102 Trends in Organized Crime/Voi. 9, No. 1, Fall 2005
many are involved in serious crimes and they are well known for their violence andunpredictable behavior. As with the study of deviant groups in general, usual re-search techniques are often not successful. One percent bikers are not likely to fillout a survey and return it. They rarely grant interviews and respond to questionswith "that's club business" Ottentimes, law enforcement officials are as uncoop-erative as the bikers, dismissing inquiries with "we are in the crime business notthe research business." No official statistics are kept on their activities and crimescommitted by club affiliation. Furthermore, many academic criminologists dis-miss them as criminal groups/gangs, for example, Albanese (2004: 206) states "Likethe Chinese Tongs, the motorcycle gangs are comprised of many noncriminals,making it difficult to distinguish criminal members from the others." This is anempirical question and there is reason to challenge this assumption and call formore research on these deviant groups who may be more gangs than clubs.Some of these clubs/gangs are involved in organized crime and are expandingoverseas (Barker, 2004). Law enforcement authorities at the local, state, federal,and international levels consider them serious crime threats. They are constantly atwar with each other, causing numerous deaths and injuries to other bikers andinnocent people (Lavigne, 1999). Many of these clubs/gangs have ties with tradi-tional crime groups such as street gangs, La Cosa Nostra, and drug cartels. Theyare also unique among crime groups in that many maintain websites; identify them-selves through patches and tattoos; have written constitutions and by-laws; trade-mark their club names and logos; and have publicity campaigns aimed at cleaningup their image.The first step in any research on these clubs should begin with a descriptiveanalysis of the 1% biker clubs. That is the purpose of this article. The author usedan extensive literature search of biker websites, newspaper articles, popular books,films and videos; the limited scholarly research; court documents; and interviewsand associations with law enforcement officers and 1% bikers to identify the clubs.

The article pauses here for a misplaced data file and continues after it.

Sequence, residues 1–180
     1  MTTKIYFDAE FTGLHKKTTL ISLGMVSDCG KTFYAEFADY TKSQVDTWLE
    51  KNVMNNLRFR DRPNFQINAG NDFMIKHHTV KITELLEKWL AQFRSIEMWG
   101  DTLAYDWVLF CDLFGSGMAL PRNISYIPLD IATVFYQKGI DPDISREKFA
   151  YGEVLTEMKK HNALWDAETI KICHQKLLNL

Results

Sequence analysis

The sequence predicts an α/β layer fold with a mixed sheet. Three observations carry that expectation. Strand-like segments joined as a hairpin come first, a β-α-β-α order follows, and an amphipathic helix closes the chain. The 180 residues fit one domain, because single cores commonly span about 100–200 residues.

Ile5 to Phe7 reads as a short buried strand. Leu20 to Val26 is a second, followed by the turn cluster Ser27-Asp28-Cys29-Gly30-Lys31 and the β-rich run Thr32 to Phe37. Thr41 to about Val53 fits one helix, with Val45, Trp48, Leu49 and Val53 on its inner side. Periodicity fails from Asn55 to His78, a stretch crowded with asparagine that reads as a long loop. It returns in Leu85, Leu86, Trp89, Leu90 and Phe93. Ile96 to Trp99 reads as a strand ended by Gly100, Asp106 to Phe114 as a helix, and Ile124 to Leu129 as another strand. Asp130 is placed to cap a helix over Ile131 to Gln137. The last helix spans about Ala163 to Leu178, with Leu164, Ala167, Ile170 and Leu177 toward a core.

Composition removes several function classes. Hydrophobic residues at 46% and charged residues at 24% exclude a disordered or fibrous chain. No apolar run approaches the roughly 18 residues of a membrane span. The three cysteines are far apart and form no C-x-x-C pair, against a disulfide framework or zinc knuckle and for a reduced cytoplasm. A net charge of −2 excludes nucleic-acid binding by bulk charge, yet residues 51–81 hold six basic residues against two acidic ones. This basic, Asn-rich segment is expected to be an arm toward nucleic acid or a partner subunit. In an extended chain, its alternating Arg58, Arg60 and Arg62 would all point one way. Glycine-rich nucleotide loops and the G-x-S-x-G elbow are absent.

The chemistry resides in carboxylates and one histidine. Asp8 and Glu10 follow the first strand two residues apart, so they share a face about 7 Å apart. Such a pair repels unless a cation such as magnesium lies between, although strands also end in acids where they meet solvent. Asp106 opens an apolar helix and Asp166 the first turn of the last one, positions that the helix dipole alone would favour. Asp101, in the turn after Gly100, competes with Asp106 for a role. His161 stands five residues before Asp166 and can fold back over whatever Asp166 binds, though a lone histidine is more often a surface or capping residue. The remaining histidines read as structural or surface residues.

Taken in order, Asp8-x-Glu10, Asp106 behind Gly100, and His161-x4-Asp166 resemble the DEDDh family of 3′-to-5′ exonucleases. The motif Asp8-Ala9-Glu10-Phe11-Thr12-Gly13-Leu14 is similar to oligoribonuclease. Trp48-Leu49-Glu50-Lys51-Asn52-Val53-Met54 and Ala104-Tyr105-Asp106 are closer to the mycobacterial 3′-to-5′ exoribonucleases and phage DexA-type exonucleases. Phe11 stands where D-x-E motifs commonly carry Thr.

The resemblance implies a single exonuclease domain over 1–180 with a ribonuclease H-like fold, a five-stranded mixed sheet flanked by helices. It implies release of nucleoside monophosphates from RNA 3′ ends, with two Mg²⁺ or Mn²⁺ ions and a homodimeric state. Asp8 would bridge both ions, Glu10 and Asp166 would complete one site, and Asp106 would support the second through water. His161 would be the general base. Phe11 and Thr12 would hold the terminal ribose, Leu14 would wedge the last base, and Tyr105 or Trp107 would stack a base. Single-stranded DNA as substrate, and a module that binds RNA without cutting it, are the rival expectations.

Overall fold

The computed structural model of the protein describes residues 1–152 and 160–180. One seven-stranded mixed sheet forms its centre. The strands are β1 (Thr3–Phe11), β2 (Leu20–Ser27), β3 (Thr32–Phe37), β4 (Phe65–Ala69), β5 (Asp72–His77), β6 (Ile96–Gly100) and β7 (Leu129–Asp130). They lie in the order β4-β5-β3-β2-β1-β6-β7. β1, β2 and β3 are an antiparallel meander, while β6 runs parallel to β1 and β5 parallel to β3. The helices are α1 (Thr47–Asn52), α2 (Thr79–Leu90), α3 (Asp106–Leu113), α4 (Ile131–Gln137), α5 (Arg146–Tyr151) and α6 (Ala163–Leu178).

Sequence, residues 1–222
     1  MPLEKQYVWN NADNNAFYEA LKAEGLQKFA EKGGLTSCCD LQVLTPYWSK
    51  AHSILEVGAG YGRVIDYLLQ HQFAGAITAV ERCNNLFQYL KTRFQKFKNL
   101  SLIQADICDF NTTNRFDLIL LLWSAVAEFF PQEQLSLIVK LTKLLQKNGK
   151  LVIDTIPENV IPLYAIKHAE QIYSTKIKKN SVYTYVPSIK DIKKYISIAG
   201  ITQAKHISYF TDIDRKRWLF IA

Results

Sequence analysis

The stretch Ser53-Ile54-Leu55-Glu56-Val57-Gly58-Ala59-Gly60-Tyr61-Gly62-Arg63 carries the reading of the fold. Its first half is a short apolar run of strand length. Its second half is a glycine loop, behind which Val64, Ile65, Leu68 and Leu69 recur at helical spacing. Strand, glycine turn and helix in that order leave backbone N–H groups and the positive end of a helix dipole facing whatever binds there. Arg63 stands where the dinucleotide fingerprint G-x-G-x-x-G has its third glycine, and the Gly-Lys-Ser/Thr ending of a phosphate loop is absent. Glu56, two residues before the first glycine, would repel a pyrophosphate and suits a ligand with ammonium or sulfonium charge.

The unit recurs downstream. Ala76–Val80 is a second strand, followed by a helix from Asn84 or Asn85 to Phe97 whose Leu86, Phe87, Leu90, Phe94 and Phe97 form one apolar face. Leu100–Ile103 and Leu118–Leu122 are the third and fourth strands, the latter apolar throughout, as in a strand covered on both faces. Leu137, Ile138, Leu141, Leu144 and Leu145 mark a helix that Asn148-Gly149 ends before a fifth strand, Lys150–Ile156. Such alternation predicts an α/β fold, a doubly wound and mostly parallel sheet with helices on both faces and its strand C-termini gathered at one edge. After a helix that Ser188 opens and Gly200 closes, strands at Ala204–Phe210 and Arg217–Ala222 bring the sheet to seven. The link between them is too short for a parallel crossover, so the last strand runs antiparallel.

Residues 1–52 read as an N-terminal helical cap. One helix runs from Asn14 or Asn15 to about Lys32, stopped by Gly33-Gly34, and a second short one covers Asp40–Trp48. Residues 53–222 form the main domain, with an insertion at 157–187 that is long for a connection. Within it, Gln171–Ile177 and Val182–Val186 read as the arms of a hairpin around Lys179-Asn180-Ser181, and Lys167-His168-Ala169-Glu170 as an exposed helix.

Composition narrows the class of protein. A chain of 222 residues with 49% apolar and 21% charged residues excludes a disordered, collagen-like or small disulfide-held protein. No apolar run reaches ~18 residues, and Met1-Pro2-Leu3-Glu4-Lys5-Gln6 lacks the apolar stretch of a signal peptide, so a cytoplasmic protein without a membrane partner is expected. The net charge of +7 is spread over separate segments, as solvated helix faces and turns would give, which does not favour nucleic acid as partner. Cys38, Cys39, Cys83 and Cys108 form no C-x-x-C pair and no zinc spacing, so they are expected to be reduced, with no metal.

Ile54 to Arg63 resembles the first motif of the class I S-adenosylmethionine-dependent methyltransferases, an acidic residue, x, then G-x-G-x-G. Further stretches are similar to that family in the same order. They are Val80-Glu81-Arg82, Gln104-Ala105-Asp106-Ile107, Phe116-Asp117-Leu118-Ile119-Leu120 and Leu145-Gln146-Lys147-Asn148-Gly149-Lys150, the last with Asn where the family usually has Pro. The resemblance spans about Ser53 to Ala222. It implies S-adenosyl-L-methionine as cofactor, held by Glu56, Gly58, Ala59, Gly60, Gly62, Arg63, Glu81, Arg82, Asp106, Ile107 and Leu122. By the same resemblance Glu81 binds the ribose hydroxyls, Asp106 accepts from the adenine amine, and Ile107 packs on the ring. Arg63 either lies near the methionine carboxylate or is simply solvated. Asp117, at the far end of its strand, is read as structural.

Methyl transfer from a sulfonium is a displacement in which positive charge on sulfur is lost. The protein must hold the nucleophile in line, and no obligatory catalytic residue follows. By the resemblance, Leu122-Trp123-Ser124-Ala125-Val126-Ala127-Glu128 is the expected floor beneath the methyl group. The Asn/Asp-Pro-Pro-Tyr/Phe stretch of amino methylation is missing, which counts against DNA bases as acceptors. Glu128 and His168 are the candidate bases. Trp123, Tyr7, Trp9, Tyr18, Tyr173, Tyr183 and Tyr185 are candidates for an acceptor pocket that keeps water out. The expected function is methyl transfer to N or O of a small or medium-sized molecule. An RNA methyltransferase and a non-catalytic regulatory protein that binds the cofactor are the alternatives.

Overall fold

Number and Size (membership) of Clubs